just past downtown. The campus is
one of the bright spots in a town hit
hard by the decline of the American
automobile industry.
"This community expects a great
deal from this university," said Flint
Chancellor, Clinton Jones. The
campus is open on the weekends for
community use for everything from
basketball games to proms.
"There is extraordinary commu-
nity support... Community leaders
consider this campus to be theirs,"
said Provost and Vice Chancellor
Victor Wong. He added that the
community support, "distinguishes
Flint from the other campuses."
Jones, however, cautions those
Flint residents who may view the
University as a way to rescue the
town. "As a bright spot, many want

By Eve Becker
T homas Scharfenberg,
Student Government presi-
dent at the University's Dearborn
campus, thinks that the Dearborn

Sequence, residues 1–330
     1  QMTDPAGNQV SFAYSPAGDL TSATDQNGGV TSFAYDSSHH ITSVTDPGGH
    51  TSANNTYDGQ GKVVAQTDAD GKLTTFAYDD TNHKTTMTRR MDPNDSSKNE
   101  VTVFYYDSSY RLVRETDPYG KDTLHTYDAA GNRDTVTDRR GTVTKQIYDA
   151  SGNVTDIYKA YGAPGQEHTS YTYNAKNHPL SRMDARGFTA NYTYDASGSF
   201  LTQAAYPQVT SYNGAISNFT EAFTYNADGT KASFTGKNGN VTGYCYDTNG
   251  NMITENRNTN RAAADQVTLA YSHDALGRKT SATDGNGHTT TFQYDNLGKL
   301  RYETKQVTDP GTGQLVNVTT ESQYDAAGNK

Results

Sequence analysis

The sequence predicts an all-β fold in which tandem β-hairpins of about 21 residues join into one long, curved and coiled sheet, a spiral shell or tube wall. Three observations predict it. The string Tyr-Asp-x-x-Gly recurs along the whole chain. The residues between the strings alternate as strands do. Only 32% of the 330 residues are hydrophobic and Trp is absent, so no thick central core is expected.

campus often operates as a separate
entity within the larger University.
"I see it this way - (University
President James) Duderstadt is like
the President of the United States,
and we're a state - we're like Wis-
consin. We're all under the same
president, but we all have our own
identity."
That identity, Scharfenberg said,
is one that belongs to a small, but
growing campus which serves a
commuting and working student
population.
About half of Dearborn students
hold part-time jobs, and one-quarter
hold full-time jobs. Most come from
the surrounding Detroit metropolitan
area and live at home to save money.
Many students are older - 60
percent are over 21. Some are the
first children in their family to go to
college. Others are being paid to go
back to school by their employers.
Because of these characteristics,
the Dearborn campus takes on a dif-
ferent flavor than the larger Ann Ar-
bor campus.
"If you know Ann Arbor and
think that's what the University is,
then you don't understand us," said
Chancellor Blenda Wilson, sporting
a maize and blue button that reads,
"Best in Class, University of
Michigan - Dearborn."
"We're not a comprehensive re-
search University as in Ann Arbor,
or a community college as Henry
Ford Community College. We're